Ground Operation - Transition to Multiengine Airplanes

Good habits learned with single-engine airplanes are directly applicable to multiengine airplanes for preflight and engine start. Upon placing the airplane in motion to taxi, the new multiengine pilot notices several differences, however. The most obvious is the increased wingspan and the need for even greater vigilance while taxiing in close quarters. Ground handling may seem somewhat ponderous and the multiengine airplane is not as nimble as the typical two- or four-place single-engine airplane. As always, use care not to ride the brakes by keeping engine power to a minimum. One ground handling advantage of the multiengine airplane over single-engine airplanes is the differential power capability. Turning with an assist from differential power minimizes both the need for brakes during turns and the turning radius.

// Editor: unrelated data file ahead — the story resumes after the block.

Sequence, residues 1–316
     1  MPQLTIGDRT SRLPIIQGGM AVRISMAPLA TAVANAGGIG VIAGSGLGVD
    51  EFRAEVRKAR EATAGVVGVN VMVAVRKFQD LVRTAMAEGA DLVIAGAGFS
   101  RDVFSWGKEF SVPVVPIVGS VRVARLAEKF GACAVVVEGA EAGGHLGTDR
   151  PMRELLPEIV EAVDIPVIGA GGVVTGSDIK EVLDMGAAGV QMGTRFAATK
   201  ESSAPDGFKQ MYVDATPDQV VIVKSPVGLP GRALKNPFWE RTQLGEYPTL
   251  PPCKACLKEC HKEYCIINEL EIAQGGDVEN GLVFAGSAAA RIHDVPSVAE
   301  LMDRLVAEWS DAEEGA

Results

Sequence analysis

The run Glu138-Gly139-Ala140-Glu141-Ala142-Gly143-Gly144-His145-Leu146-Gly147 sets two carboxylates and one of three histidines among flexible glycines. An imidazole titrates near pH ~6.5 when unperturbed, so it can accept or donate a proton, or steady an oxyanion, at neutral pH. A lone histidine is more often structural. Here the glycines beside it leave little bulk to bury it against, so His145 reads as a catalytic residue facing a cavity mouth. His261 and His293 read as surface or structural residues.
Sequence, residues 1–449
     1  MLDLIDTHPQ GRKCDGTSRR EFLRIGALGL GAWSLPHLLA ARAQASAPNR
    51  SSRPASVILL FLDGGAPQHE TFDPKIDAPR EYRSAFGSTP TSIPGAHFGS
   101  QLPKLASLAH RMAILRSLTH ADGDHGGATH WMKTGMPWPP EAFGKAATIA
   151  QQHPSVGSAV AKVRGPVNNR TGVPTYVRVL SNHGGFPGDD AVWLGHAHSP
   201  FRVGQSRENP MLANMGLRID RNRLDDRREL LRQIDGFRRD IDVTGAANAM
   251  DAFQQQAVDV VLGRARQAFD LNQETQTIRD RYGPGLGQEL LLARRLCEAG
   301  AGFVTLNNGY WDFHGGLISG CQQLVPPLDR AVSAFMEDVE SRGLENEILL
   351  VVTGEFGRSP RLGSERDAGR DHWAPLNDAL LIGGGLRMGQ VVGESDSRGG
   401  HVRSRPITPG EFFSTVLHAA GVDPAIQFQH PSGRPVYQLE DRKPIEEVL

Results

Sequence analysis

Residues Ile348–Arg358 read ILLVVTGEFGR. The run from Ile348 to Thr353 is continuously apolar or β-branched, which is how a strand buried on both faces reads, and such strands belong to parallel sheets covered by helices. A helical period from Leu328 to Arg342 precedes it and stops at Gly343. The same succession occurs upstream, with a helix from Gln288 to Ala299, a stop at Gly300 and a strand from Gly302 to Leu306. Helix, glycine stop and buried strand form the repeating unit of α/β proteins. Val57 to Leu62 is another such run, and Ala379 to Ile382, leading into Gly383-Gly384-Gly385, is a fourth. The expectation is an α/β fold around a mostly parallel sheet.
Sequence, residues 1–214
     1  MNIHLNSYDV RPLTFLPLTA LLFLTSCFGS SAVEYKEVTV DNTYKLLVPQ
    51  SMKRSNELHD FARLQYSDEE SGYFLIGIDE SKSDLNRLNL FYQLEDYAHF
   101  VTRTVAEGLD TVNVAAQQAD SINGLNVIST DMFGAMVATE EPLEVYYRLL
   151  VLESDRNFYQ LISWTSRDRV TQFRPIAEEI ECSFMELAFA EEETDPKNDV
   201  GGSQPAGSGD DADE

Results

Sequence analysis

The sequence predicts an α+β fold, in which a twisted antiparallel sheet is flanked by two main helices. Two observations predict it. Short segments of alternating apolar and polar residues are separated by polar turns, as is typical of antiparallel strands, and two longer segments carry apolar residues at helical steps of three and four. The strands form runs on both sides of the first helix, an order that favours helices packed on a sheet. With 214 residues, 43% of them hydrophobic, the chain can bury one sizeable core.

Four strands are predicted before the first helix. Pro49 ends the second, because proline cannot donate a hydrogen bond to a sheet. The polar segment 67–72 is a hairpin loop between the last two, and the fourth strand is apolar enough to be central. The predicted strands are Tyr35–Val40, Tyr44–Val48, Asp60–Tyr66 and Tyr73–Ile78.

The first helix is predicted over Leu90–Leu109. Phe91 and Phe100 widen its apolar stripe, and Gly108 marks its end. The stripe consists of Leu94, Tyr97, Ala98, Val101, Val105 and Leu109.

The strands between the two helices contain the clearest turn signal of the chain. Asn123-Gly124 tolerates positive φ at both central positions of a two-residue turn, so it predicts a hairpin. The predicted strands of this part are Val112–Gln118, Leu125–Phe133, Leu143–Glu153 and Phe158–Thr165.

The pilot should be aware, however, that making a sharp turn assisted by brakes and differential power can cause the airplane to pivot about a stationary inboard wheel and landing gear. This is abuse for which the airplane was not designed and should be guarded against. Unless otherwise directed by the AFM/POH, all ground operations should be conducted with the cowl flaps fully open. The use of strobe lights is normally deferred until taxiing onto the active runway.